Diffusing a carbon bomb: tapping Canadian tar sands would hit Africa’s poor hardest

Diffusing a carbon bomb: tapping Canadian tar sands would hit Africa’s poor hardest

An oil pipeline to Canada's untapped Tar Sands deposits would create short-term construction jobs, but its effects on the climate could permanently destroy jobs elsewhere. Photo: <a href="http://www.flickr.com/photos/rickz/2113212191/">rickz (Flickr)</a>
An oil pipeline to Canada's untapped Tar Sands deposits would create short-term construction jobs, but its effects on the climate could permanently destroy jobs elsewhere. Photo: rickz (Flickr)

Earth to Big Oil: On a global scale, The Keystone XL pipeline would probably kill more jobs than it creates.

Proponents of the proposed pipeline from Canada’s Athabasca Tar Sands to the Gulf of Mexico claim that its construction would create jobs. But while the long-term employment prospects are debatable at best, the resulting long-term economic devastation is far more certain.

The recent decision by the Obama administration to deny a permit for the construction of the pipeline has received much press and been touted as a victory for environmentalists. But as climate activist Bill McKibben and his organization point out, stopping the extraction of the tar sands would be a victory for those far removed from the American environmental movement as well.

McKibben said in an interview with Green Prophet that “Any place that is already living close to the margins is in the greatest danger” when facing climate change.

This means the world’s poorest, already suffering from food shortages and decreased agricultural production, would be hardest hit by this carbon bomb. And scientific consensus backs up McKibben’s view.

Country Ranks, Estimated Percentage of Agricultural Productivity Loss by 2080: Potential Carbon Emissions from Canadian Oil Sands. Photo: <a href="http://www.cgdev.org/content/publications/detail/1425525">Center for Global Development</a>
Country Ranks, Estimated Percentage of Agricultural Productivity Loss by 2080: Potential Carbon Emissions from Canadian Oil Sands. Photo: Center for Global Development

David Wheeler, senior fellow emeritus of the Center for Global Development, compiled a recent study specifically tying the exploitation of the Canadian oil sands to increased agricultural losses.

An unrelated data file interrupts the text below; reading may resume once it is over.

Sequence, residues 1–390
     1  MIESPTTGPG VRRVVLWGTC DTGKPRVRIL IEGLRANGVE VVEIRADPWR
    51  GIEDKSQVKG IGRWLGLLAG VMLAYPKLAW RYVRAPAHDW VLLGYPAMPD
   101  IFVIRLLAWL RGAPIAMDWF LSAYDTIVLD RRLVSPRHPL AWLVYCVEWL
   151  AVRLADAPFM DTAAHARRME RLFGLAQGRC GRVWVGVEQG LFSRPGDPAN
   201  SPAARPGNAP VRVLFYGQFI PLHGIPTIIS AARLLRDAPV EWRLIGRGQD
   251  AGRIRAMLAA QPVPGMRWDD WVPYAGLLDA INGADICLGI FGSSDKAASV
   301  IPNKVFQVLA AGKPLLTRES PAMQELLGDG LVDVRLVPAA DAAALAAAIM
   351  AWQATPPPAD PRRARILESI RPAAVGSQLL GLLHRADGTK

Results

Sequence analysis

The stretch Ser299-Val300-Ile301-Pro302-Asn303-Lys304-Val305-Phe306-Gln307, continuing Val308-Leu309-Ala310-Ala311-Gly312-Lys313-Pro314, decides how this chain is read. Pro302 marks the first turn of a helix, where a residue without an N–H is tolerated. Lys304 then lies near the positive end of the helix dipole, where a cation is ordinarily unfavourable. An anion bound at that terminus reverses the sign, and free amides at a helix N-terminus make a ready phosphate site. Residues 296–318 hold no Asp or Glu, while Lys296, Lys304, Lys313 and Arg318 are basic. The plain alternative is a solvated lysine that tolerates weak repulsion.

Wheeler concluded that “full exploitation of Canada’s oil sands deposit would impose significant agricultural productivity losses on over 3 billion people in the developing world, and particularly in sub-Saharan Africa.” He calculates that “combustion of the Alberta deposit would increase the atmospheric concentration of CO2 by 99 ppm, or 21.3 percent of the increase already projected to occur by 2100.”

Or, as reputed climate scientist Jim Hansen of NASA put it, tapping the tar sands would be “essentially game over for the climate."

Wheeler's findings show a "game over" scenario in poor rural regions, in particular, predicting agricultural productivity losses of up to nearly 13 percent in Africa and 9 percent in Asia. Wheeler, who also created a ‘Climate Vulnerability Index’ by country, sums up his findings powerfully and succinctly, stating "Put simply, the potential destructive power in Canada’s oil sands exceeds anything modern civilization has witnessed to date."

“This new report puts into stark relief exactly what ‘game over’ looks like: Millions upon millions of starving people across the planet," says 350.org co-founder Jamie Henn.

On the ground, countries projected by Wheeler to see further damaging impacts are already struggling with agricultural losses. Another 350.org co-founder, Phil Aroneanu, told Global Envision that “we have a plethora of anecdotal and story-based thoughts from our organizers around the world” of agricultural devastation and food shortages linked to changing climate patterns.

Drought-stricken countries in the Horn of Africa, including Ethiopia and Sudan, among others, provide some of the most poignant images of climate-related suffering. An Oxfam International report points out that 85 percent of Ethiopians depend directly on agriculture. And as a local farmer told Oxfam, “The rain doesn’t come on time anymore. After we plant, the rain stops just as our crops start to grow. And it begins to rain after the crops have already been ruined.”

And with the projections from scientists like Hansen and Wheeler, Africa’s farmers and communities appear unlikely to recover soon.

While McKibben writes that “Blocking one pipeline was never going to stop global warming,” and Obama’s denial of the Keystone permit may well not kill the project in the long run, the scientific and anecdotal evidence is clear: Vulnerable populations are suffering at the hands of carbon kings already, and tapping the tar sands will exacerbate their problems.

So the Keystone proposal may or may not be dead. But the political discourse around potential job-killing has mostly left out an important aspect: the killing of crops and livelihoods elsewhere in the world.

McKibben has said that extracting Canada’s tar sands would mean lighting the “fuse to the biggest carbon bomb on the planet.” For now, at least, that fuse remains unlit.

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